Anonymous More than 1 year ago
Not usually a history buff but out book club chose it. Wonderful read - true story. The beginning is a little too historical but then you get roped in and are cheering by the end.
GWJOR More than 1 year ago
A real tribute to the bravery to those people who fought to keep the world from going over the precipice of darkness in World War Two.Should be a must read for high school students.A part of American history that should be remembered and not forgotten.
Anonymous More than 1 year ago
I heard about the Halyard Mission throughout my life from my father. This book answered many of my questions that my dad could not – for example, how was the airfield constructed so that the Germans did not detect it and how did anyone know these men were alive and needed to be returned to Italy. The details Mr. Freeman reveals are amazing and coincide with all my father told me about his experiences. Yes, my dad was one of the Forgotten 500. Great book and discloses the details even those rescued did not know!
Anonymous More than 1 year ago
The drama of getting the abandoned men out of harms way was good. The politics of the situation and todays world are similar. I recommend this book to anyone who knew people involved in WWII.
Jackwindcrest More than 1 year ago
This excellent book tells the story of the rescue of over 500 allied bomber crews lost over Yugoslavia while conducting bombing raids on the refineries of Rumania. These crews were gathered under the protection of anti-communist resistance leaders for eventual rescue. It tells the story also of the impact on British foreign policy by communist moles in British Intelligence that eventually led to Allied support of Tito and the post war domination of the Balkans by the Soviet Union. Bravery, sacrifice and stubbornness of a handful of people saved a large number of individuals.
KitTN More than 1 year ago
My husband and I are 84 and 74 young. We give The Forgotten 500 5 Stars. My husband is not much of a reader but may well become one due to this book. Kit
stuckinmissouri More than 1 year ago
This is a very well written account of a little known event. Not only a great adventure, it is also the story of a terrible wrong done by the Brits to a Yugoslav patriot. I consider this book an absolute must read.
Anonymous More than 1 year ago
I love ww2 books and this is a great story. If you are younger it might be alittle hard to follow but it is still a awesome story and people should know about these airmen and the people that risked thier lives.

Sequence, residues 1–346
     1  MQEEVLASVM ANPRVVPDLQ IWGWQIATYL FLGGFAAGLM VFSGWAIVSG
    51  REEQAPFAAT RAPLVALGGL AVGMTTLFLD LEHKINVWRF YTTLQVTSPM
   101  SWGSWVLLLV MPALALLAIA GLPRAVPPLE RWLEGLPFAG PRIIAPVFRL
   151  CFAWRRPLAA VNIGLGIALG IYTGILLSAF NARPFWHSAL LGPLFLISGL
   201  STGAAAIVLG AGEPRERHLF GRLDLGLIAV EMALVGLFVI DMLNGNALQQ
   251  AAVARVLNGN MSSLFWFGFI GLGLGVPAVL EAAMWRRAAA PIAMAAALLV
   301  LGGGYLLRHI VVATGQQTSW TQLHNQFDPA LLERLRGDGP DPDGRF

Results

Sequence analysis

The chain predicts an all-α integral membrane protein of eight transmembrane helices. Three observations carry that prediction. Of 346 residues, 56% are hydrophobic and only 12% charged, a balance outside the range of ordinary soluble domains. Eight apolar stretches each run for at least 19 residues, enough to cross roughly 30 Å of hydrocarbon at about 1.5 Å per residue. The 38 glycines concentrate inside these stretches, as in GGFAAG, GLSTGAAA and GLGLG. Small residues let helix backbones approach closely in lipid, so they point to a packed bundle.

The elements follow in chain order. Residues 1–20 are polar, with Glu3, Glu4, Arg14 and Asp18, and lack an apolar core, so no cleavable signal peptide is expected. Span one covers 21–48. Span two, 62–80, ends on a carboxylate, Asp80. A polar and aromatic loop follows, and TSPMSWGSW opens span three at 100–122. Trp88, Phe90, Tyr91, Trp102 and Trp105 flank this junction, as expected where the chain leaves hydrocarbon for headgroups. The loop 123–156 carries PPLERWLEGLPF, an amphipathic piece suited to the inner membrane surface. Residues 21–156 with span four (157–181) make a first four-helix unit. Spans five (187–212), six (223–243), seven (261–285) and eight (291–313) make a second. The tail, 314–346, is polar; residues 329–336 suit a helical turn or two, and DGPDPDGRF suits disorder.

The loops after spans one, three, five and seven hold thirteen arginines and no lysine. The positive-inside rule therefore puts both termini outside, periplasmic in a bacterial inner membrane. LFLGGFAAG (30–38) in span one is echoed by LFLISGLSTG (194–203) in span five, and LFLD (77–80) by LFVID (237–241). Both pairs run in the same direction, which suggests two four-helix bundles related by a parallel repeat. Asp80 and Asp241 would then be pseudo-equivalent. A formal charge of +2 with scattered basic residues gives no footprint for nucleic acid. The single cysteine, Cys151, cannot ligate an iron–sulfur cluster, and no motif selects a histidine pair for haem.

Anonymous More than 1 year ago
Just one more ww 2 stroy I did not know about....till now
Anonymous More than 1 year ago
Having read a number of books on World War II, I was surprised to hear about this rescue so recently. The book was well written, documenting the patriotism, the dedication, the heroism, and the humanity of the Airmen, their Serbian protectors, and the OSS operatives who put the rescue together. Unfortunately, it also outlines the worse in treachery and stiff necked diplomacy, much of which cannot be blamed on the fog of war. Along with the addendum THE RED TAILS I highly recommend this book.
ChuckLaBee More than 1 year ago
Excellent History of a Hidden Part of WW2 A great and inspiring story of a mission that nearly did not happen. (The details of why are explained.) Learned a lot about both a well-performed mission (eventually) and about the land and peoples of a little-known part of the world. The history here is still relevant to today's world, where sometimes shameful and shabby attempts at what we now call "political correctness" caused unforeseen consequences and unnecessary future damage to a proud and helpful people. (After the war, rebel leader Draza Mihailovich, who protected the American airmen in this story, was sold down the river by our state department because they didn't want to rock the boat and disturb fragile relations with the communists. It was one of the opening battles of the cold war, and we lost by backing the wrong side. That tragic story is told here as well.)  Besides the actual mission, extremely interesting in itself, there are amazing stories of what it was like as the Nazis took over a city (running through the streets of Belgrade as bombs are falling and planes strafing), and then the fall of the entire country of Yugoslavia and the panic that ensued. There is a quick history of the OSS and the men who ran it, and the people who risked their lives running its operations.  But it's especially the stories of the kind and brave people who risked everything to help downed American fliers that are so touching. The Americans learned, to their immense surprise, that the villagers loved them just because they were Americans - because America was helping to fight the hated Nazis. The Yugoslavian peasants knew that the big planes flying high over their land were bombing Nazi oil-production targets in Romania. When the bombers were too damaged to make it back over the mountains and fell out of the sky (some of those bail-out stories are told in detail), they tried to find the crews, sometimes counting the parachutes before a plane crashed into the mountains, and eventually hiding hundreds of men before the Nazis found them. (The Americans knew none of this beforehand. They had been told that these people would cut off their ears and turn them over to the Nazis. You can imagine their relief as the people instead hugged and kissed them. Several touching and dramatic stories of these first encounters are covered.) Over many months the peasants gathered the men into one place, guarding them with a small lightly-armed ragtag army, and eventually a by-the-skin-of-their-teeth rescue was orchestrated by the OSS. It's a wonderful story. The details are exciting. Photos included of many of the principals.